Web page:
The first time was its premier showing, at Smeltfest 12 in March, with all the principles involved seeing the final production for the first time. Needless to say, this could be considered an expert (and overly familiar) audience. There was a lot of 'why did you do this that way', 'hey, that really worked' and 'Steve, get your thumb off the hammer'.
The second time was back at Wareham, with the members of the DARC iron smelt team (none of which had actually ever met the characters, but only knew them from my tales). There was a lot of 'did you see that?' and 'oh, now I get it'.
The third time was with one of my blacksmith friends / students. Her observations afterwords pretty much matched my own. 'There is a lot of meat there, but you have to watch and pay attention'.
I would clearly suggest anyone interested in historical blacksmithing process purchase a copy of 'Ore to Axe'. It will certainly outline the processes of iron smelting for you to give you an understanding of just how the process works. The sequence of forging the historic axe will be extremely interesting (just on its own) and may suggest a tip or two.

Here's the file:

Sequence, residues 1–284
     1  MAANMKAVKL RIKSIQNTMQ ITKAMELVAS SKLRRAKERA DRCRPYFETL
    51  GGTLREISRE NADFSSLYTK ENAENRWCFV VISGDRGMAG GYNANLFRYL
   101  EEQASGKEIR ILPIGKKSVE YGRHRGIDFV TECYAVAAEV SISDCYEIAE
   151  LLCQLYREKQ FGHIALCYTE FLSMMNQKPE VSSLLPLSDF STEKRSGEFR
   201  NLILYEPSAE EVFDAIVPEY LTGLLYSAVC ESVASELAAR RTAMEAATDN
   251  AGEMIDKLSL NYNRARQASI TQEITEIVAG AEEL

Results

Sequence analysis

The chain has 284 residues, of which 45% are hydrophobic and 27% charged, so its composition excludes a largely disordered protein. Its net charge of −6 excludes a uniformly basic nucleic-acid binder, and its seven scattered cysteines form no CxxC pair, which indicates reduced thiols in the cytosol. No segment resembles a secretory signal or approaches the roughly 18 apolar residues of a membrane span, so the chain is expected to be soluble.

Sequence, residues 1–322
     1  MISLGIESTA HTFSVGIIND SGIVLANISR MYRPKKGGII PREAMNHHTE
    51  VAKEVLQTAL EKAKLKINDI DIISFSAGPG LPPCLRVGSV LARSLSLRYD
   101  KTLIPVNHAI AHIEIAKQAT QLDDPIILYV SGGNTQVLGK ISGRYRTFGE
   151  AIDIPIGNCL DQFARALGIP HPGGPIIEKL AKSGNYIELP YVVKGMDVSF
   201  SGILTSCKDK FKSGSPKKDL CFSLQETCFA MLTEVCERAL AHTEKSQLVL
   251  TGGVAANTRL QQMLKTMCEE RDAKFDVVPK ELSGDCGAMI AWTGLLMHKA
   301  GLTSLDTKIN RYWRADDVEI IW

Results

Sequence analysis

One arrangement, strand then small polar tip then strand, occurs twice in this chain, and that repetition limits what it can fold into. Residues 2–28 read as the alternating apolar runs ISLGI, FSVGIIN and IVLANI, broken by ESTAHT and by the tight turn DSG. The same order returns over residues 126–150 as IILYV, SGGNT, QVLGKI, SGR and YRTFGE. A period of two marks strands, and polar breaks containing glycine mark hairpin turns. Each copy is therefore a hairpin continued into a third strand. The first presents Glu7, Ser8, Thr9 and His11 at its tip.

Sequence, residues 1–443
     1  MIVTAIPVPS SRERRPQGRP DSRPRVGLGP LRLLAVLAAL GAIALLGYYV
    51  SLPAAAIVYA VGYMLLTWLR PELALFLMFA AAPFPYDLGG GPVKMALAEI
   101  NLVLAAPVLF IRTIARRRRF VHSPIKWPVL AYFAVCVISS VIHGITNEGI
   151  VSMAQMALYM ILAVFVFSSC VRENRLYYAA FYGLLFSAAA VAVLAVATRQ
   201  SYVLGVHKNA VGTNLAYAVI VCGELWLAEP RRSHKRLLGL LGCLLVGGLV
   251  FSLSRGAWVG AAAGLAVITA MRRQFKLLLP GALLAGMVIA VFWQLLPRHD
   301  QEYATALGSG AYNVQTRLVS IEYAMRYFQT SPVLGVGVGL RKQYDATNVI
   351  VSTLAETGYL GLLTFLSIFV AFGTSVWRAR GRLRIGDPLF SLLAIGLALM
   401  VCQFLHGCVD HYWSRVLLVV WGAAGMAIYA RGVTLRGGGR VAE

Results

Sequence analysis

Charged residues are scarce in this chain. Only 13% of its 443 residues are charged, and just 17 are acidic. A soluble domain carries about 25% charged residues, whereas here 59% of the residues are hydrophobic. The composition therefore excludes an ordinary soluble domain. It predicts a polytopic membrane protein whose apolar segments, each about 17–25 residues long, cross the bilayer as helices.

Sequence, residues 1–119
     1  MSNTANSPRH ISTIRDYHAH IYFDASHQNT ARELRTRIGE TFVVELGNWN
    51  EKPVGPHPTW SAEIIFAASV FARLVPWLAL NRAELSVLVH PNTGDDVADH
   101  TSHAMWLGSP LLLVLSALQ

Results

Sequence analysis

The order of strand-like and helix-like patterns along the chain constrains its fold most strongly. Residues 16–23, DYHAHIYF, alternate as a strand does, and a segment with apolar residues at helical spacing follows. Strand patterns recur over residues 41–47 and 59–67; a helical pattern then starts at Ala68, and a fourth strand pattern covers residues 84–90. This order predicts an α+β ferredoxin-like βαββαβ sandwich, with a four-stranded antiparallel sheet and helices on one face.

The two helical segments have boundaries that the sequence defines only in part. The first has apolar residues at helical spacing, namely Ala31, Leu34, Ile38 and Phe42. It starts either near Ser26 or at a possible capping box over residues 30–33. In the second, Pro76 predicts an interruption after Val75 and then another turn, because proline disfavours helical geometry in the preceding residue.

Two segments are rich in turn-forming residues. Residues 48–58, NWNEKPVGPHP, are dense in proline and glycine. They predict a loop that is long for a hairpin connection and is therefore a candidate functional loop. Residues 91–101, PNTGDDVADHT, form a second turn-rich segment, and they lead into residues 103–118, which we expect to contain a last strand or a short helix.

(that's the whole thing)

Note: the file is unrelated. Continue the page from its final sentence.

I would absolutely recommend anyone interested in bloomery iron smelting purchase a copy of 'Ore to Axe'. Although not a detailed step by step set of instructions, that kind of cookbook information is available if you look for it. What this video will give you is a clear visual reference to not only a long proven working sequence at the hands of experienced practitioners. Seeing the tools employed, and just how they are actually used, is alone worth the price.
I think the best evaluation came from something Kelly Probyn-Smith had said :
"This is something just like I would expect to see on TVO."
(Ontario's educational channel, our version of PBS.)
ORE TO AXE